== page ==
Cancer may evolve and progress by evading the immune system that would naturally prevent this process. Cancer immunotherapy is a strategy that aims to modulate the patient’s endogenous immune system to recognize and clear cancer cells. Immune checkpoint therapy class of immunotherapy has demonstrable efficacy in patients with cancer, including non-small cell lung cancer (NSCLC). The response rate from phase I–III trials testing the efficacy of immune checkpoint inhibitors anti programmed death-1 (PD-1)/PD-ligand 1 (PD-L1) antibodies in NSCLC have shown response rates from 16% to 50% (1). To improve this response, several clinical trials combining these agents with novels immunotherapeutics have been initiated. However, most of these studies are somehow empiric and lack clear scientific rationales. Further research to identify alternative therapeutic strategies for the NSCLC patients intrinsically resistant to immune checkpoint inhibitor therapy is warranted.
Kargl and colleagues have recently reported that the immune cell composition varies among the different NSCLC subtypes, and that neutrophils are the most prevalent immune cell type identified in NSCLC, suggesting a potential novel immunotherapeutic target in NSCLC (2).
Lung adenocarcinoma and squamous cell carcinoma (SCC) subtypes have been comprehensively profiled performing messenger RNA, microRNA and DNA sequencing that allowed whole-exome and whole-genome characterization of somatic alterations, integrated with copy number, methylation and proteomic analyses. However, a comprehensive profile of immune cell composition and function present in NSCLC (3-5) is currently unknown. Kargl et al. (2) employed a flow cytometry based assay composed of 27 markers that can identify 51 unique immune cell types and functional subpopulations from single-cell suspensions derived from lung cancer tissue and non-adjacent lung.
The key finding in this study is that Tregs and neutrophils are the most prevalent immune cell types in NSCLC, accounting for nearly 20% of all immune cells, and are potential immune suppressive in this disease. Gentles and colleagues (6) recently identified that, of any immune cell type, tumor-associated neutrophils are the strongest predictor of mortality in a large cohort of NSCLC patients. Nevertheless, based on transcript abundance neutrophils were estimated to be just 2% of all immune cells in NSCLC.
A second key feature of this study is the unique identification of immune signatures associating with NSCLC histological subtype (adenocarcinoma as compared with SCC), highlighting the heterogeneity inherent in immune responses to cancer. The results show that tumor-associated T-cell clones are nearly ubiquitous in NSCLC, though their expansion is variable. A combination of a T-cell receptor beta sequencing and functional tumor-infiltrating lymphocyte experiment allowed Kargl and colleagues (2) to predict that tumor reactive T cells exist in 75% of SCC but in <35% of adenocarcinoma tumors and that, despite these results, the immune cell composition is more heterogeneous in adenocarcinoma than SCC lung subtype. One potential explanation of these results is that cigarette smoke consumption and the presence of key driver mutations is more variable in adenocarcinoma than in lung SCC. Although SCC tumors frequently possess clonal T-cell populations, it has been found that they contained twice as many Tregs as adenocarcinoma cases, with concomitant reductions in Th17 and Th1 lymphocytes.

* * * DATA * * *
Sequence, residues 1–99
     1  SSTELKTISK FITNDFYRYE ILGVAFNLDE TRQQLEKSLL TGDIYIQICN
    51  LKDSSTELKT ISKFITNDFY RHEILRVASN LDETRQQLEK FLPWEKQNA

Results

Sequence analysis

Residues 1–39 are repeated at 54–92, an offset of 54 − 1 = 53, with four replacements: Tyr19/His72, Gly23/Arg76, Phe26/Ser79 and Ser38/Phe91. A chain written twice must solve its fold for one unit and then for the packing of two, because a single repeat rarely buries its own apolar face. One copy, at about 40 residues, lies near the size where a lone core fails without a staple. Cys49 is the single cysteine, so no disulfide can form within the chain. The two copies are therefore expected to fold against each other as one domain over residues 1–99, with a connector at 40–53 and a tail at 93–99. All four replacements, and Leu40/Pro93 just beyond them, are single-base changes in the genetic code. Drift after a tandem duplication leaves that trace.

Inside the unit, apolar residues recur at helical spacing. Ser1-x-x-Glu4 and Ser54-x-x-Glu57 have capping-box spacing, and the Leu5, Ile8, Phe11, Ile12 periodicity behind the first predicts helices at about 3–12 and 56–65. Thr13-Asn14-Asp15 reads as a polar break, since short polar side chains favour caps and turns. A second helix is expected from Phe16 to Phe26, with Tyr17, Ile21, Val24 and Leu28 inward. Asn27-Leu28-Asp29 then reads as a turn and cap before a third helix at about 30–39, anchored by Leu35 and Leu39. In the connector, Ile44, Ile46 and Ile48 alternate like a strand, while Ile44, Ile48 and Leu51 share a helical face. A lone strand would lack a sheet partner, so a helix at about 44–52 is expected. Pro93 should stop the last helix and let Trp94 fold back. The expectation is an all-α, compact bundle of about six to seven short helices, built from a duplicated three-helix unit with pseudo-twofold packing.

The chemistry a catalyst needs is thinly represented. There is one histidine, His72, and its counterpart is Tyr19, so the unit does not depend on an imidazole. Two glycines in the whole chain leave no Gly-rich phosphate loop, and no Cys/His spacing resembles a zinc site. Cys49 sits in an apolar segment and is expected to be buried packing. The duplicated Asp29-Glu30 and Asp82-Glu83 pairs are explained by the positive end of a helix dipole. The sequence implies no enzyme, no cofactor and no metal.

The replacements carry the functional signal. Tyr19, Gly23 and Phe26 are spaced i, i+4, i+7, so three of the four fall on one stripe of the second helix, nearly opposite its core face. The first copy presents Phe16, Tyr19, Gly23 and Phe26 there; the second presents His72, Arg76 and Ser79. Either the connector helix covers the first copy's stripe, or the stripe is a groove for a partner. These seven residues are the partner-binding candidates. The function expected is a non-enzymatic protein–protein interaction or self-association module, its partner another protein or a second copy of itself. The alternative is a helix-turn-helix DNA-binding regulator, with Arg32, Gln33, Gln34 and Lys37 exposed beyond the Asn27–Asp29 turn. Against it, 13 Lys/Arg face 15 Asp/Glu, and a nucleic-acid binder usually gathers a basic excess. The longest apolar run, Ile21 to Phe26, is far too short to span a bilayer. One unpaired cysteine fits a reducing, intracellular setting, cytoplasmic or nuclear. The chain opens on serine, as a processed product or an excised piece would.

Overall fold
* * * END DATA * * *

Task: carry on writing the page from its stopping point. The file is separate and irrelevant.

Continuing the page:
Another key finding of this manuscript is that NSCLC specimens displayed increased composition of 37 distinct immune cell types and subtypes, including B cells, T cells, CD4+ cells and CD8+ cells compared with adjacent normal lung tissue. This expansion of B cells, 7-fold compared with normal lung tissue, is the largest fold-change increase for any immune cell type described to date. The composition of CD4+ subsets differed as well, as evidenced by a statistically significant increase in Tregs, and decrease in Th1 cells.
The findings by Kargl et al. (2) highlight the need for strategies that combine immune checkpoint inhibitors with agents that can deplete neutrophils population. This is particularly relevant as there are a number of clinical trials underway that combine anti-PD-1 antibodies with agents that theoretically deplete Tregs. The discovery that neutrophils dominate the immune landscape of NSCLC and given the intrinsic heterogeneity in the immune cell response to NSCLC, there is an urgent need to develop novel immune diagnostics that could guide the initial choice of immunotherapy and devise a secondary strategy to address treatment failures. In summary, these findings provide investigators with a comprehensive profile of immune cell composition present in NSCLC and help the design of new clinical trials employing immune-based therapeutics.
Conflicts of Interest: The authors have no conflicts of interest to declare.
- González-Cao M, Karachaliou N, Viteri S, et al. Targeting PD-1/PD-L1 in lung cancer: current perspectives. Lung Cancer (Auckl) 2015;6:55-70. [PubMed]
- Kargl J, Busch SE, Yang GH, et al. Neutrophils dominate the immune cell composition in non-small cell lung cancer. Nat Commun 2017;8:14381. [Crossref] [PubMed]
- Imielinski M, Berger AH, Hammerman PS, et al. Mapping the hallmarks of lung adenocarcinoma with massively parallel sequencing. Cell 2012;150:1107-20. [Crossref] [PubMed]
- Cancer Genome Atlas Research Network. Comprehensive genomic characterization of squamous cell lung cancers. Nature 2012;489:519-25. [Crossref] [PubMed]
- Cancer Genome Atlas Research Network. Comprehensive molecular profiling of lung adenocarcinoma. Nature 2014;511:543-50. [Crossref] [PubMed]
- Gentles AJ, Newman AM, Liu CL, et al. The prognostic landscape of genes and infiltrating immune cells across human cancers. Nat Med 2015;21:938-45. [Crossref] [PubMed]